Like most other types of human activity, international legal practice relies heavily on deadlines. Yet deadlines have received very little attention in international legal scholarship. This is the case even though deadlines are heavily studied in other contexts, with research finding that people tend to set and respond to deadlines in ways consistent with bounded rather than perfect rationality. This book chapter takes up the topic of deadlines in international legal practice and makes four contributions. First, using the Chemical Weapons Convention as a case study, it explores various ways in which deadlines are used in international legal practice and highlights just how pervasive they can be. Second, it reviews some behavioral research on deadlines in other contexts and demonstrates that these findings have intriguing parallels with how the Convention’s deadlines have functioned in practice. Third, it assesses the evidence available for evaluating the relevance of domestic research to international affairs in relation to deadlines. The chapter argues that, even though this evidence is currently limited, legal actors would do well to factor this research into their decision-making about how to structure and respond to deadlines. Finally, the chapter considers the extent to which these issues are common to both diplomacy and international law.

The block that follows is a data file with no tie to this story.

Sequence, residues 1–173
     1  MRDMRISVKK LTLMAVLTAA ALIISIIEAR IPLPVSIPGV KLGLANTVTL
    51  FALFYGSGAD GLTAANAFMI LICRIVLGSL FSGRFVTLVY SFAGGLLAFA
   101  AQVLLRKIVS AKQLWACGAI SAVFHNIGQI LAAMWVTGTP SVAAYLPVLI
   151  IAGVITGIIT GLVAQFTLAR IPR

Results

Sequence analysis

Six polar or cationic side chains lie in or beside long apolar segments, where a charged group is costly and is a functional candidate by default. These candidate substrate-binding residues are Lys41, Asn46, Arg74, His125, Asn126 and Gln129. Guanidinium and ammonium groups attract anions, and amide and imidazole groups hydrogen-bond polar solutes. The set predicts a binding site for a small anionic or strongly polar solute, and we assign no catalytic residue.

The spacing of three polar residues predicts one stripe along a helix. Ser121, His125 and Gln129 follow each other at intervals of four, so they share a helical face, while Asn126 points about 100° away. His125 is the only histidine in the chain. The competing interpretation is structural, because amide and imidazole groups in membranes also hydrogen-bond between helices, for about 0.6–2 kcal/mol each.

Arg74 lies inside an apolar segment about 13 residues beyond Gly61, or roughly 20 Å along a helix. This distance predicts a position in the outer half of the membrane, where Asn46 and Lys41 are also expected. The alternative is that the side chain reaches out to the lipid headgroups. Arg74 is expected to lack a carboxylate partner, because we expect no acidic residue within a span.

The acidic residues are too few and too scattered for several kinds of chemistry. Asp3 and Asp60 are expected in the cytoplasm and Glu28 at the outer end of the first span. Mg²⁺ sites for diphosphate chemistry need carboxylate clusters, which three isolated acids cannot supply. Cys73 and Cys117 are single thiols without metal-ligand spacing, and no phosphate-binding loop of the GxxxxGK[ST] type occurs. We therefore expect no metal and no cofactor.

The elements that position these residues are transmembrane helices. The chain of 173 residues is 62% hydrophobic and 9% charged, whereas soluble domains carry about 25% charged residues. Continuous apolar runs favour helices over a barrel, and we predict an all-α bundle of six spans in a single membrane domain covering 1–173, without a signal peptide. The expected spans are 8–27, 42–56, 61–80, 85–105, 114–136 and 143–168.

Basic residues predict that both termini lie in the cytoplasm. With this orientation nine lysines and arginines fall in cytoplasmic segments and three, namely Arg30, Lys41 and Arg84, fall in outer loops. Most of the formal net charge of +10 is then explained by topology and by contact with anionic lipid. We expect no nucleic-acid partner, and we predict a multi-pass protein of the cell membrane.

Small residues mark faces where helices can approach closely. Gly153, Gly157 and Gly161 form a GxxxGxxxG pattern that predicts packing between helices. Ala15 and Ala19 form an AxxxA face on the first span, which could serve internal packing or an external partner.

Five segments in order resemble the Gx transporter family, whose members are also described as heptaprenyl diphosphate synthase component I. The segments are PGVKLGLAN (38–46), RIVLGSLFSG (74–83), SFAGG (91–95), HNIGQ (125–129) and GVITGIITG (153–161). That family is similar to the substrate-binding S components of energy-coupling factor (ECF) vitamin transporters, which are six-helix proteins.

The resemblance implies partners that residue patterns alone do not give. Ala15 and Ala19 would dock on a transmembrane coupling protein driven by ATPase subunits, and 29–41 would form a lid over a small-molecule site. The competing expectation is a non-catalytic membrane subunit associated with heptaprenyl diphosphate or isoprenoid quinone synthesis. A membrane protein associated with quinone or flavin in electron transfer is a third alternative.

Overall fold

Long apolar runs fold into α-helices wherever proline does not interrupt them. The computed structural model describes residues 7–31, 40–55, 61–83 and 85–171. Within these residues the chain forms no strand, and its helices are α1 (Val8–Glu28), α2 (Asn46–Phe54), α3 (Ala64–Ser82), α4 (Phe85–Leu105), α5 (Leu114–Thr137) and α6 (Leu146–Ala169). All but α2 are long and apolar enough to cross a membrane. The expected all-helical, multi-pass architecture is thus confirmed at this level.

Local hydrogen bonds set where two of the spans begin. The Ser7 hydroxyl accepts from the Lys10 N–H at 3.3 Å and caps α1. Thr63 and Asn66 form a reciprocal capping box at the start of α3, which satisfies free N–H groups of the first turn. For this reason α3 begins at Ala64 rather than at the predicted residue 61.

Galbraith, Jean, "Deadlines as Behavior in Diplomacy and International Law" (2015). Faculty Scholarship at Penn Law. 1560.